And the New York Times (emphasis added):
There was more than just good television at stake. For the journalists of Fox News, the debate offered a potentially defining moment in front of millions of people, during one of the most anticipated political events of the year. This was an opportunity to demonstrate that their network is not, as its critics have charged, a blindly loyal propaganda division of the Republican Party, that Fox journalists can be as unsparing toward conservatives as they are with liberals, and that they can eviscerate with equal opportunity if they choose.
But that last clause from the Times is crucial: "if they choose." Because the other 364 days a year, Fox News does not choose to hold Republicans accountable for their extreme and misinformed positions on women's rights or welfare or immigration; instead they do create that "safe harbor" for Republicans to come up with their wild misconceptions and hateful rhetoric -- the same misconceptions they "choose" to blast those same Republicans for last night.
Fox has two fundamental goals: make lots of money by broadcasting entertaining television, and bolster the Republican Party. Last night, they succeeded in doing both, even in the moments where it might have seemed like they had no patience for the Republican candidates' pandering.
Because Fox chief Roger Ailes knows that the best way for Fox to bolster the Republican Party in the long-term is for mainstream journalists to trust Fox -- for the "blindly loyal propaganda division" to appear, even just for one night, as credible. Propaganda doesn't work, after all, if you know it's propaganda.
So even if many of their questions actually did reinforce Republican orthodoxy (such as claiming that deceitful videos attacking Planned Parenthood shed "new light on abortion practices"), the Fox moderators made sure they spent most of their time looking like attack dogs ready to take on the Republican candidates.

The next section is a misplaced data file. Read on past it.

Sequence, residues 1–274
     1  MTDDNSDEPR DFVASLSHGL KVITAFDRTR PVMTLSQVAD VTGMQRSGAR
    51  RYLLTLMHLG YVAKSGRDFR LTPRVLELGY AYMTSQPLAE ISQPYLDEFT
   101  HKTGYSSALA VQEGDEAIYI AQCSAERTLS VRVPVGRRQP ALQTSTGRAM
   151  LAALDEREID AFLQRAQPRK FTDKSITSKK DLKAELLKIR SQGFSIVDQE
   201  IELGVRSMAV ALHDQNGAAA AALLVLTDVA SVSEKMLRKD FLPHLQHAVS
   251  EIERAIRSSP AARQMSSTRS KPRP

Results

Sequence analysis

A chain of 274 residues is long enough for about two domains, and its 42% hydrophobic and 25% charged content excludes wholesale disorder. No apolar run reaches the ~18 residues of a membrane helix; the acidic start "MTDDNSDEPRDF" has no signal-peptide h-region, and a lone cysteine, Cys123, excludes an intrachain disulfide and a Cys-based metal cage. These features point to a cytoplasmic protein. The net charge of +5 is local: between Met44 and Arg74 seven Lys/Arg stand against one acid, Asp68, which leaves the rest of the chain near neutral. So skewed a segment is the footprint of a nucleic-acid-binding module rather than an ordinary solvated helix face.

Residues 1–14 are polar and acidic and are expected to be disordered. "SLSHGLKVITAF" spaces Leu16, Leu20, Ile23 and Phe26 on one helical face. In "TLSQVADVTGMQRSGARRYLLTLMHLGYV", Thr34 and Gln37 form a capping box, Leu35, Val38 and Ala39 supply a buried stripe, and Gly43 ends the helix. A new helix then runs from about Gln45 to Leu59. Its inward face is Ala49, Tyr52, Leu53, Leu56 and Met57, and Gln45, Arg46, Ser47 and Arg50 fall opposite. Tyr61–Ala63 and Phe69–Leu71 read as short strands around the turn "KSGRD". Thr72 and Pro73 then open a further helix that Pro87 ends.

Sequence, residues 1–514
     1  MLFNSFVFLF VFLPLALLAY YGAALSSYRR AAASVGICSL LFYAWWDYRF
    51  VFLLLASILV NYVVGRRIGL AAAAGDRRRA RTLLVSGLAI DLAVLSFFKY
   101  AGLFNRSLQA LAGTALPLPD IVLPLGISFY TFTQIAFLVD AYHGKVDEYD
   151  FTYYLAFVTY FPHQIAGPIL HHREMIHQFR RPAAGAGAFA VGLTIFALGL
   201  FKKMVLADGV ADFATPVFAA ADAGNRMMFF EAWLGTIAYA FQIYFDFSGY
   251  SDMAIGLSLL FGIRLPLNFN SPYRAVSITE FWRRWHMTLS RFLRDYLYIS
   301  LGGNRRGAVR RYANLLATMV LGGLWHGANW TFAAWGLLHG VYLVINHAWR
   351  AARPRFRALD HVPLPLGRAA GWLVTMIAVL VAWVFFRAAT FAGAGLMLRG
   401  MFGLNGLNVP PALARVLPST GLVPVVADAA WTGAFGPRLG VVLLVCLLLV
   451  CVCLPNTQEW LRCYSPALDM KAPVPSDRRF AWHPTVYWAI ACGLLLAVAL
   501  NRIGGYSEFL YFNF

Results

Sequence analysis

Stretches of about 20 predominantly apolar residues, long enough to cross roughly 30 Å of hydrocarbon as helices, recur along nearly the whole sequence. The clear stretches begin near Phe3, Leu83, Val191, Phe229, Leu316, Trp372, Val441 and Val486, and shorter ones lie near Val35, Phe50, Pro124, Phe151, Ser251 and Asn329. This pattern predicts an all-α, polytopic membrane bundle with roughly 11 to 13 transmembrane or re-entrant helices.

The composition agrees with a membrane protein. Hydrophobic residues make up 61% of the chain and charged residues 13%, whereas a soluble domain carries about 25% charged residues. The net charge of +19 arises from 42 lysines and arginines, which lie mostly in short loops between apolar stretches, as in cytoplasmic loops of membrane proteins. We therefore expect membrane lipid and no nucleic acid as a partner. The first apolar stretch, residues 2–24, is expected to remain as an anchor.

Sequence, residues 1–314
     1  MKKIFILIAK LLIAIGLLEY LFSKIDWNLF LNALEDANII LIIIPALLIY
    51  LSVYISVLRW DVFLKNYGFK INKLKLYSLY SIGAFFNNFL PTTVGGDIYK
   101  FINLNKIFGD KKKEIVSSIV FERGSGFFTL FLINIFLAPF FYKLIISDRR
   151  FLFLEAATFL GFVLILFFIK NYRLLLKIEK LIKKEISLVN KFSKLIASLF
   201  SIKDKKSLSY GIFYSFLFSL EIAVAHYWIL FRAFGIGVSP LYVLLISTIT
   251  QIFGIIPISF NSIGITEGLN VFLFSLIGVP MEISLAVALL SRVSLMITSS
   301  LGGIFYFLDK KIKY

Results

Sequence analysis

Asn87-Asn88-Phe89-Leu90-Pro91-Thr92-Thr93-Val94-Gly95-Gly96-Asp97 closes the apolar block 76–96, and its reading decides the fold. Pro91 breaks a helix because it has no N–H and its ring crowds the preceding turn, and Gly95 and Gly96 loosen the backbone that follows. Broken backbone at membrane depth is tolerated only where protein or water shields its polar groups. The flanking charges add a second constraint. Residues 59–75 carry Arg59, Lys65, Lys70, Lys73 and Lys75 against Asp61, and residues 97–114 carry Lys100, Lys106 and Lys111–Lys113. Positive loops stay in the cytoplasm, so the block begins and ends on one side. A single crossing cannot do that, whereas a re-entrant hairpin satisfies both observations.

But it's worth looking closely at how that played out, and what exactly mainstream media outlets are now praising. Getting the most attention is perhaps one of the biggest of the so-called "Megyn Moments" of the night, in which Kelly momentarily appears out-of-step with Fox rhetoric and calls out a bit of right-wing nonsense. Her tendency to do this every once in a while successfully distracts from her standard misinformation, and helps feed the exact narrative about Fox's potential for credibility that they were desperate to encourage last night.
"Mr. Trump, one of the things people love about you is you speak your mind and you don't use a politician's filter," she began. "However, that is not without its downsides, in particular, when it comes to women. You've called women you don't like 'fat pigs, dogs, slobs, and disgusting animals.'"
Quickly dismissing Trump's attempt to shrug these comments off with a crude joke, she beat on: "Your Twitter account has several disparaging comments about women's looks. You once told a contestant on Celebrity Apprentice it would be a pretty picture to see her on her knees. Does that sound to you like the temperament of a man we should elect as president, and how will you answer the charge from Hillary Clinton, who was likely to be the Democratic nominee, that you are part of the war on women?"
To be clear, it is definitely remarkable to hear a Fox News host even mention the "war on women," something the network and the Republican Party have worked hard to minimize. And Trump deserves to be held accountable for these comments.
But it's not exactly an act of remarkable journalism to ask such a question -- pointing out Trump's raging sexism is something any competent journalist should be expected to do.
Moreover, Fox has had ample time to hold him accountable for these comments before. Trump has been winning the "Fox News Primary" for the last three months, appearing on the network more times than any other Republican candidate in the race.
Yet his sexism has certainly not been a regular topic of the fawning interviews he typically receives on the network. Instead, Fox has worked very, very hard to promote Trump, and the fact that he was standing at center stage last night due to his soaring poll numbers was certainly aided by the network.